What recession? Broadway ignores economic downturn
By Louis Charbonneau
NEW YORK (Reuters) - Wall Street may be in a slump as the global economic slump grinds on, but 4 miles north in midtown Manhattan, Broadway theaters continue to lure crowds as they have for decades during times of recession.
Some people might find it hard to believe Broadway has proven so resilient in the face of rising unemployment and record losses at some of the biggest U.S. corporations.
Half a year ago, predictions for Broadway were dire. The gloomier newspaper headlines included "Broadway braces for recession fallout" and "Recession to finally kill Broadway."
So far there are no signs that Broadway -- which survived the post-September11 economic slump and a lengthy strike by stagehands in 2007 -- is dead.
Charlotte St. Martin, executive director of The Broadway League industry group, said she has analyzed 30 years of attendance data for Broadway houses during recessionary periods and concluded that New York's theater row has been virtually impervious to economic declines.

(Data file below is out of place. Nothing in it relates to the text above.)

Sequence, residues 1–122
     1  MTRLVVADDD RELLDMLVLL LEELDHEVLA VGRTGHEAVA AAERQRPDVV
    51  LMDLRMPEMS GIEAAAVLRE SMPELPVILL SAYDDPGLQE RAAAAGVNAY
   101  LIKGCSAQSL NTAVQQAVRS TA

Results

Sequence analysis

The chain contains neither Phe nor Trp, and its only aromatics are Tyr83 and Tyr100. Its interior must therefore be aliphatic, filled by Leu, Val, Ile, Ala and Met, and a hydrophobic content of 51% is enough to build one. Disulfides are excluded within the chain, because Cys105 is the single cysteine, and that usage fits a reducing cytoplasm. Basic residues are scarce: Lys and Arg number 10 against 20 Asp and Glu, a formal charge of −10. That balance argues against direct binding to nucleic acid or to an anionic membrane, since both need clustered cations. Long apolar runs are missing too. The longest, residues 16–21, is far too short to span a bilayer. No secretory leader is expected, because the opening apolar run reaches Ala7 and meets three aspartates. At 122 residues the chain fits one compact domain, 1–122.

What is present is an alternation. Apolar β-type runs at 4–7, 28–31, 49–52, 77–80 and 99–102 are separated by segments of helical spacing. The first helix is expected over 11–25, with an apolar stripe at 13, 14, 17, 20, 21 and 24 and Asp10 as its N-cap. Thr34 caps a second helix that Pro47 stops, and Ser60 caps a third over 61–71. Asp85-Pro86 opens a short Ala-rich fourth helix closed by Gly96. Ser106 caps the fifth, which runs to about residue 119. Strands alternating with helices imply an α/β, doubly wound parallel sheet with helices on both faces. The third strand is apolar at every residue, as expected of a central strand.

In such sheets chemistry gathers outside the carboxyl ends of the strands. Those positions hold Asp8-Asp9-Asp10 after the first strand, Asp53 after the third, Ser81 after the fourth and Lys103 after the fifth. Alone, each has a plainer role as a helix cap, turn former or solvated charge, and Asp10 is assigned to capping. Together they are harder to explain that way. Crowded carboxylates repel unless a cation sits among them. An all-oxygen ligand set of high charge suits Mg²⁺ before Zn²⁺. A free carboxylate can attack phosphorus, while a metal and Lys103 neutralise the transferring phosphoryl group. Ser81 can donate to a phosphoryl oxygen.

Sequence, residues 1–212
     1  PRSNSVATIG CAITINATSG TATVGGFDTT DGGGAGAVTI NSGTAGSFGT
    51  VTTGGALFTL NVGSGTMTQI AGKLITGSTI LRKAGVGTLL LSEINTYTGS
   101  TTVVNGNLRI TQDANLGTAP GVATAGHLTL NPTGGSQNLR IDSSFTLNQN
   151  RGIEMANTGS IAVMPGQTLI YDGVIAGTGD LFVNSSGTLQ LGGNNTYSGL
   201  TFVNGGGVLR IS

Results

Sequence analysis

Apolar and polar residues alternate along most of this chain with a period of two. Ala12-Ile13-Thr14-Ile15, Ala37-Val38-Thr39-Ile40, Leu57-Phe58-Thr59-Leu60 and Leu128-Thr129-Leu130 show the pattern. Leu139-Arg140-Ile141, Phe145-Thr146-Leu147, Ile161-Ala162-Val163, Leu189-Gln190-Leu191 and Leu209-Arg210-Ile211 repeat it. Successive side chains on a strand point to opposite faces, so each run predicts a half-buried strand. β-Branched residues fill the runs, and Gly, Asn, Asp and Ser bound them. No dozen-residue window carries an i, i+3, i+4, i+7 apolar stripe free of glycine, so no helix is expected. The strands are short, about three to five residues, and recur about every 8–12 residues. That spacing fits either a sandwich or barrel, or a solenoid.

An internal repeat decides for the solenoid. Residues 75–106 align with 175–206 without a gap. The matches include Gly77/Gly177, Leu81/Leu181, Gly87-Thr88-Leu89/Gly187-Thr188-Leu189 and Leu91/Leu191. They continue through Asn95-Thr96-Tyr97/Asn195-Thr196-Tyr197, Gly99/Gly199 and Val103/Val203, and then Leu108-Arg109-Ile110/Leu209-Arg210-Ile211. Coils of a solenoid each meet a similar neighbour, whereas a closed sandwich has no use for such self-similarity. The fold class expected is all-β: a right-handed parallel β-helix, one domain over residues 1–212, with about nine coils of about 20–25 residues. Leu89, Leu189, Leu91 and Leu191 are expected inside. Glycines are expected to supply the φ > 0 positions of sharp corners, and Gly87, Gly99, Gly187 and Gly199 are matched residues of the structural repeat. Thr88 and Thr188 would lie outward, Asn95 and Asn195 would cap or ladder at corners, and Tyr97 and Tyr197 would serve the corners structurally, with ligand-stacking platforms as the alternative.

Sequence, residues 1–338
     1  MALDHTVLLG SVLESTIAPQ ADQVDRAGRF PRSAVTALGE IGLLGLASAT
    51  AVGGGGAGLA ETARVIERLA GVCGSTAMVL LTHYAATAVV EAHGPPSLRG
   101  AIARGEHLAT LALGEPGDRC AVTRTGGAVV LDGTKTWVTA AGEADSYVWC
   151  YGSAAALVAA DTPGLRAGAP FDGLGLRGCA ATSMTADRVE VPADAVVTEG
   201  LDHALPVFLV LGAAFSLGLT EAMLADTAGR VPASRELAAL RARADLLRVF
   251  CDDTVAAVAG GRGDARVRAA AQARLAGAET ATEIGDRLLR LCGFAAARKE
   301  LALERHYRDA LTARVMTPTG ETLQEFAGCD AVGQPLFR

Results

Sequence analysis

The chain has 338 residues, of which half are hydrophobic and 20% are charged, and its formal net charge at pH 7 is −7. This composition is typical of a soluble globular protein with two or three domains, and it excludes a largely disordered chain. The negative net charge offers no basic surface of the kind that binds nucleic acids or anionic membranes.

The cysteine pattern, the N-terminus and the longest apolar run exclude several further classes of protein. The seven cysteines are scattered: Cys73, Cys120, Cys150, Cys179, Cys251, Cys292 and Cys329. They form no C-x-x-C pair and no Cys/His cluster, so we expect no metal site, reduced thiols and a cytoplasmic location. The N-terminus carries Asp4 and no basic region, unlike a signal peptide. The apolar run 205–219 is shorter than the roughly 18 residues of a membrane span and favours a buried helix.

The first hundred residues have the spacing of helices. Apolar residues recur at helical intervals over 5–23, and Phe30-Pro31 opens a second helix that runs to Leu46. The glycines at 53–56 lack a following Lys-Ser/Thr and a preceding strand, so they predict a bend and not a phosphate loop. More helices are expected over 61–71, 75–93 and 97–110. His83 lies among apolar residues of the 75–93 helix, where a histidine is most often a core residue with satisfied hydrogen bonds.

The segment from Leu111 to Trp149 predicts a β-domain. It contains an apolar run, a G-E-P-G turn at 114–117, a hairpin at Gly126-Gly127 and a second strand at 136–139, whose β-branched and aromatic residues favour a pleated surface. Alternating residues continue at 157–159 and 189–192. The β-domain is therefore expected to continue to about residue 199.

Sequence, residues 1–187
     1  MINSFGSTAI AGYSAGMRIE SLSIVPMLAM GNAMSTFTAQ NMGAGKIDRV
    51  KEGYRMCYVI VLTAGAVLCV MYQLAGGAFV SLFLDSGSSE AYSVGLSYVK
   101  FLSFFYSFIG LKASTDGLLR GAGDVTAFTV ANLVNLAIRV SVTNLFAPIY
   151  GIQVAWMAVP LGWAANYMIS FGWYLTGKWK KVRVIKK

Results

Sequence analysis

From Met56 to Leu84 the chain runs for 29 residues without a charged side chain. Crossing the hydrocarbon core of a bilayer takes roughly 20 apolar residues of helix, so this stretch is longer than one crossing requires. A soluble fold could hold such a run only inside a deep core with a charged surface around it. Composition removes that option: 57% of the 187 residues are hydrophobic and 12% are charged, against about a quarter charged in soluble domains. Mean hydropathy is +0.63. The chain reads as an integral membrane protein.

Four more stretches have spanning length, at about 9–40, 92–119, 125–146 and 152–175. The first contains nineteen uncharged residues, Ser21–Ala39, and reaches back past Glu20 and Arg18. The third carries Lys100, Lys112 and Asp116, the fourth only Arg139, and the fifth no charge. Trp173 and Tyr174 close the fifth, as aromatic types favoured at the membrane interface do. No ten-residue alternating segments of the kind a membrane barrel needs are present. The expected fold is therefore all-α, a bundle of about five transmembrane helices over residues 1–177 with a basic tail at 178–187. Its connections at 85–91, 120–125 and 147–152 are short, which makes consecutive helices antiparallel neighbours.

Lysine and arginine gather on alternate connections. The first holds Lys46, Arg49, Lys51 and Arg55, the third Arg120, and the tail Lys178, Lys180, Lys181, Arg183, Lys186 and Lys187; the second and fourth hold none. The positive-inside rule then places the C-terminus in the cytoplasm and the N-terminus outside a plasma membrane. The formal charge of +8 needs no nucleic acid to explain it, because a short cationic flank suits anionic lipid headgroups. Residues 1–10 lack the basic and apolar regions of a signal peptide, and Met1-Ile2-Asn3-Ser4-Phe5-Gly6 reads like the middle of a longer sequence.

"What that tells me is that when there's great product, people go to the theater," she said. "When there's not great product, they don't go to the theater."
St. Martin said many Americans may be scrapping plans for vacations in Europe or elsewhere and traveling instead to New York City to see Broadway shows where they can enjoy a several-hour "escape from reality."
Time Out New York theater critic Adam Feldman said a wave of rave reviews and the limited size of New York's theater industry were both helping to keep it buoyant. Continued...